Despite these accomplishments, Dara is not content to simply acquire techie status. He evangelizes technology wherever he goes – whether it’s speaking to younger students about YouthSpark or co-leading talks about Microsoft technology with his developer community group on campus.

From tinkerer to techie to someday being a teacher, Dara dreams of opening his own school to pass on his love of technology to the next generation. But for now, Dara is content to keep learning all he can with as much force as possible.

Microsoft wants to make it easy to help young people like you to change their world through technology, just as Dara and many other Microsoft Student Partners have. Be sure to check out Microsoft Imagine, where you can find all the software tools you need, no matter your skill level or experience, and all at no cost.

And if you want to explore the basics of teaching yourself how to code like Dara, head on over to the Microsoft Virtual Academy and check out some of these courses to get started:

Comments (15)

  1. oluwatosin says:

    Wow, great things truly starts small.  Higher heights Bro.

  2. Israel says:

    I remember well the days of the diskettes…today, he still eats with his laptop in front of him. I can only imagine the depth of his curiosity, the thirst for knowledge, the quest of unending creativity.

  3. Samseens says:

    Nice one Dara.

  4. Elvido says:

    Dis is what happens when one is HUNGRY  for KNOWLEDGE…….SUCCESS !!

    mind u dis is just a microcosm of greater things yet to happen

  5. ifeoluwa says:

    its amazing to see a young man with such knowledge and accomplishments and yet humble…. u r an inspiration

  6. Mayoorpsalmz says:

    Dara your life challenges me, av learnt a lot frm u d most thing humility. Kip it up bro u are stil goin farther

  7. seechs says:

    thumbs up bro!!!! u ve bin a source of inspiration….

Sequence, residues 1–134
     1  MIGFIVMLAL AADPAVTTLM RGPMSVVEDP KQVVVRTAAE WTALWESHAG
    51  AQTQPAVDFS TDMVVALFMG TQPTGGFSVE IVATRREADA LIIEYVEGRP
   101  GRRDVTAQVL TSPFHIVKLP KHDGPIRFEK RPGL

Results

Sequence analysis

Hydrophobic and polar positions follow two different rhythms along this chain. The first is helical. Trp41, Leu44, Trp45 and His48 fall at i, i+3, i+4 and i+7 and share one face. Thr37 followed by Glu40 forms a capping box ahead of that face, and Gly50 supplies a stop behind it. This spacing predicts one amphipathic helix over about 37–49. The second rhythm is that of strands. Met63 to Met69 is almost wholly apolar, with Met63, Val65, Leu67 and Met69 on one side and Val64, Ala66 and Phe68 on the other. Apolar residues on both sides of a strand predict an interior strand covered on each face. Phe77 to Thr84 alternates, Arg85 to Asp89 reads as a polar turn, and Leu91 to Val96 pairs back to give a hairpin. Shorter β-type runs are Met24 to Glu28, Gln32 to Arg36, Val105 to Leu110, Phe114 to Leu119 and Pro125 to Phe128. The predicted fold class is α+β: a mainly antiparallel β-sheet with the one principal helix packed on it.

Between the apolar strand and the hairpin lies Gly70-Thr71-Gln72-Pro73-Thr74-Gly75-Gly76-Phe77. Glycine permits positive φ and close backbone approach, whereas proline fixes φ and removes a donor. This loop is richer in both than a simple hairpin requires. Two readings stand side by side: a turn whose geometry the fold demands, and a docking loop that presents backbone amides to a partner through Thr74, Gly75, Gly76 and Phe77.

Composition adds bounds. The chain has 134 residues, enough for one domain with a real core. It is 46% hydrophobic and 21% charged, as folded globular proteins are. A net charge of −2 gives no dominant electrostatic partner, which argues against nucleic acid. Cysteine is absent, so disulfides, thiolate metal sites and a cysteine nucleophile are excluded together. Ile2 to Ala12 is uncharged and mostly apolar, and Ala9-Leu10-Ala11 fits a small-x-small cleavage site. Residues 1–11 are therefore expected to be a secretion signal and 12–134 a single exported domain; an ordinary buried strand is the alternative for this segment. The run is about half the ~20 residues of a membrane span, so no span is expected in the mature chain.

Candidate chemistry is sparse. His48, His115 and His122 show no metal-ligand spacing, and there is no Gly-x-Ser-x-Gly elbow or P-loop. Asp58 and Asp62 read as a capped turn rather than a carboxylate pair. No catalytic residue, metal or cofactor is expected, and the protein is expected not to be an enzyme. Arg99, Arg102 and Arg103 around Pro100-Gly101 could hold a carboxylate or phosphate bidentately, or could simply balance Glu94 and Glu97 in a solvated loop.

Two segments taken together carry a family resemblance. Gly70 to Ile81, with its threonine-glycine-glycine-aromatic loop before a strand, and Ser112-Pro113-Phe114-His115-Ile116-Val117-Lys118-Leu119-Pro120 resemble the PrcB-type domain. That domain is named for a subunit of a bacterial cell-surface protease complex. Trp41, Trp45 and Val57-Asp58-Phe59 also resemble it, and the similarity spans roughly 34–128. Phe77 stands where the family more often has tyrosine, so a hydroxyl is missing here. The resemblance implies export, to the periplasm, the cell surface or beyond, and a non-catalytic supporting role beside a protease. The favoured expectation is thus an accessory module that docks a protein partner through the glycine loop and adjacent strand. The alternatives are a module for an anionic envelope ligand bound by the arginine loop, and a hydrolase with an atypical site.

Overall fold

8. Lero says:

    my Teacher and instructor. Thanks for being a blessing.

  9. Ayowole says:

    The sky is the starting point Dara.

  10. FEHINTOLUWA says:

    Yes #Mayoorpsalmz. Humility is the word.

  11. dammyboy says:

    Impressive. Way to go bro. Kip coding

  12. Rob says:

    Not to diminish his accomplishments but how is that really any different than anyone that learned to code 25 years ago? Most people had little to no access to home computers, no internet, no one to teach you how to develop. On top of that there was no IDE's or visual development, no MVA, no imagine cup or Microsoft evangelists… most of us from that time period had to learn by experimentation and reading lots and lots of books. Granted the programming paradigms were much less obfuscated and projects had to be much smaller in scope but on the other hand you had to squeeze out so much more with so much less. I only hope the younger programmers appreciate how big of an advantage they have these days.

    </Old Developer Rant> 🙂

    Personally I feel that his greatest accomplishment is the fact that he did this while living in Nigeria with all the upheaval in that region. In that respect, keep up the good work.

  13. Tunde says:

    Awesome! Get going boy.

    Thanks to Microsoft for encouraging people. You are the best. I Always love MICROSOFT!!!

  14. siva says:

    Really great dara when we want do some thing truly then only we can do that

  15. Aderiyike says:

    so much to say………….but in summary, Geekwithlife this is just the beginning. God is with you Ayomi